Less than two months, ago we brought you the mysterious tale of fast radio bursts (FRBs), bright flashes of radio waves that last for just fractions of a second and most likely come from outside of our galaxy, but which we know little else about. Last week, the sequel to that story was released. In a press conference at the meeting of the American Astronomical Society, coordinated with a cover story in the journal Nature, astronomers announced that they had identified the origin of an FRB for the first time: a small, faint, dwarf galaxy more than 2.5 billion light years away. Companion papers have also been published in the journal Astrophysical Journal Letters (here, here, and here).
|Gemini composite image of the field around FRB 121102 (indicated). The dwarf host galaxy was imaged, and spectroscopy performed, using the Gemini Multi-Object Spectrograph (GMOS) on the Gemini North telescope on Mauna Kea in Hawai’i. Data was obtained on October 24-25 and November 2, 2016.
Image Credit: Gemini Observatory/AURA/NSF/NRC.
“This detection really has broken open the gates of a new realm of science and discovery, using FRBs as tools to explore the universe,” said collaborator and astronomer Sarah Burke-Spolaor from West Virginia University (previously with the National Radio Astronomy Observatory).
The headlining FRB is “FRB 121102,” named after its detection date of November 2, 2012. We learned this year that it could have easily been named something else, though—the FRB repeats. Of the 20 or so FRBs detected, this is the first we’ve seen flash multiple times. It flashes often, varying in brightness and unpredictable in its timing. We don’t know what, why, or how, but the fact that the FRB repeats rules out some previously proposed models. In particular, it rules out causes related to massive explosions, since the source lives to burst another day.
Telescopes all around the world banded together to study FRB 121102 in 2016, once they learned it flashed repeatedly. Collections of radio telescopes joined forces and overcame significant technological challenges to sort through massive amounts of data in an effort to pinpoint the precise location where the burst originates. And they succeeded.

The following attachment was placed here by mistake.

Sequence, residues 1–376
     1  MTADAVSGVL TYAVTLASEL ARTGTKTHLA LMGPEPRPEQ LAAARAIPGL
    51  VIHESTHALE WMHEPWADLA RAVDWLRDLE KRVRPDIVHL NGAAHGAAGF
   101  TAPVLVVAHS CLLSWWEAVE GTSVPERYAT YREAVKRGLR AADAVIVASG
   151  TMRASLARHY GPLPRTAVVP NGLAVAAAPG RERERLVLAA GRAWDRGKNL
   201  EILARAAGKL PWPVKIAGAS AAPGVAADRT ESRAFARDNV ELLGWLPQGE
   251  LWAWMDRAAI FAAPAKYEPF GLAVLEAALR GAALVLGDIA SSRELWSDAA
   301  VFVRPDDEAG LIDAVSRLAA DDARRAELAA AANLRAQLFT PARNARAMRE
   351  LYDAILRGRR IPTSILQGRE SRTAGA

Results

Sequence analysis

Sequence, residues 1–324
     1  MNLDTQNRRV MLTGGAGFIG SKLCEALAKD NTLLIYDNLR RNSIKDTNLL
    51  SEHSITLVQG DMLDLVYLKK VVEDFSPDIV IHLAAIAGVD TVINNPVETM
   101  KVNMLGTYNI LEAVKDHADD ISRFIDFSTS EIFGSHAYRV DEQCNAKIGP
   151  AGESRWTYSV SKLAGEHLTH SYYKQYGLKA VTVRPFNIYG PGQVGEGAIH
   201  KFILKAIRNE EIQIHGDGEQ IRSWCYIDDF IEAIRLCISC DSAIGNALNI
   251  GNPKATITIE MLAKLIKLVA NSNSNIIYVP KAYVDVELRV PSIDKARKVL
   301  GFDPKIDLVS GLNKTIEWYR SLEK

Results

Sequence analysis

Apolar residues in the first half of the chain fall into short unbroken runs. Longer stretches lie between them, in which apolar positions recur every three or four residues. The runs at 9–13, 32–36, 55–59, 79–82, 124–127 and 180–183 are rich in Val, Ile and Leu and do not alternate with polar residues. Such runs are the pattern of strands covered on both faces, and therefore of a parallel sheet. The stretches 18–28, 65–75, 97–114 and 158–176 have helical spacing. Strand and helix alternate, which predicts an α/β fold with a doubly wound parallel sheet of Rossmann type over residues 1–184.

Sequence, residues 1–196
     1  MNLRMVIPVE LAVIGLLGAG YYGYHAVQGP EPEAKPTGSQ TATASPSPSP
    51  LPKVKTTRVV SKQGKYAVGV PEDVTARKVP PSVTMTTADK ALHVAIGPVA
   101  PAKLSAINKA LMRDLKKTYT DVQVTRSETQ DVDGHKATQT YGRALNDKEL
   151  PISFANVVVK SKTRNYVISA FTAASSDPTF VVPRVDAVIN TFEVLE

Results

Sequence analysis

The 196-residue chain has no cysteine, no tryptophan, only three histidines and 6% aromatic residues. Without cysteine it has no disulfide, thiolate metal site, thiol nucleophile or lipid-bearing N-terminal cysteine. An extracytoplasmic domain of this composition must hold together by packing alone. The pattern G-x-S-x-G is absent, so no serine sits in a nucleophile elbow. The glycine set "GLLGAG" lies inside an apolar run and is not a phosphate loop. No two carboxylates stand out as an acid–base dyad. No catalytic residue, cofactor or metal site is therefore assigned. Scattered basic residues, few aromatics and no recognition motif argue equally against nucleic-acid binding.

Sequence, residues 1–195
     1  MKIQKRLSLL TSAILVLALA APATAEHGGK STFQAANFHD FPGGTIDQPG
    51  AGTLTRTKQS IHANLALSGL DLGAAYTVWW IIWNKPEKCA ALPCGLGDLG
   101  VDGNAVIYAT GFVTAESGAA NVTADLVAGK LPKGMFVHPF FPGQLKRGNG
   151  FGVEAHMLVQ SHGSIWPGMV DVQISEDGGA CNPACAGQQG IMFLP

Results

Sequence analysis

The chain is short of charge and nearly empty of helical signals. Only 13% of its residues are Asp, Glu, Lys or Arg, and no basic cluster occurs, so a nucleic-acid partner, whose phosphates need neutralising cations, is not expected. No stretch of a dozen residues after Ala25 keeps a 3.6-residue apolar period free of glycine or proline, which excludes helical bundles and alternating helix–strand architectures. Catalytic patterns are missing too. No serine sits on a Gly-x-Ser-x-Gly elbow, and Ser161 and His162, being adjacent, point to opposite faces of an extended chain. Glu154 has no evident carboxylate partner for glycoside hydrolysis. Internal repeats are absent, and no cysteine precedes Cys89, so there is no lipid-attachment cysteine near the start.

The FRB indeed originates from outside of our galaxy—really far outside of it. Optical observations show a faint smudge of a dwarf galaxy at the exact source of the bursts, presumed to be the host galaxy. The galaxy is 2.5 billion light years away, meaning the signals we are detecting today left the source 2.5 billion years ago; it takes that long to cover the distance between us, even at the speed of light.
Astronomers have also learned that the FRB is very close to a source of steady, faint radio waves in the same galaxy. It’s not clear if both the faint steady signal and the bright flashes come from the same object or from two different objects that are physically related. The researchers say this could indicate that the bursts are coming from a source embedded in a dense nebula or maybe an accreting black hole.
We’ve learned more. Observations also show that the radio sources are significantly offset from the center of their galaxy. Additionally, at the time the signals left the host galaxy, the galaxy was pretty small in size and mass. Evidence suggests that new stars were forming rapidly, so that could play into the formation of FRBs in some way.
Like all good mysteries, there are so many questions… How representative is FRB 121102 of the other FRBs we have seen? Of the total population of FRBs? Do all FRBs come from dwarf galaxies? What is the mechanism causing the burst? How is FRB 121102 related to the faint, steady radio source? What can we learn from FRBs about the space between galaxies?
With all the excitement surrounding this discovery and several ongoing studies, hopefully we’ll be bringing you part 3 of this saga shortly.